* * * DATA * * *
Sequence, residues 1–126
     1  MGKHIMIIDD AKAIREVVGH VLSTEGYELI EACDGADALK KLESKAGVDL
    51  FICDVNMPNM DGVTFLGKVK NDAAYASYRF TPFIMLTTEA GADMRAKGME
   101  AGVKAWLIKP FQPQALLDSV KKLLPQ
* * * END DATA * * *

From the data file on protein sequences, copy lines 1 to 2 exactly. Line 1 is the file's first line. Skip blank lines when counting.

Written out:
Sequence, residues 1–126
     1  MGKHIMIIDD AKAIREVVGH VLSTEGYELI EACDGADALK KLESKAGVDL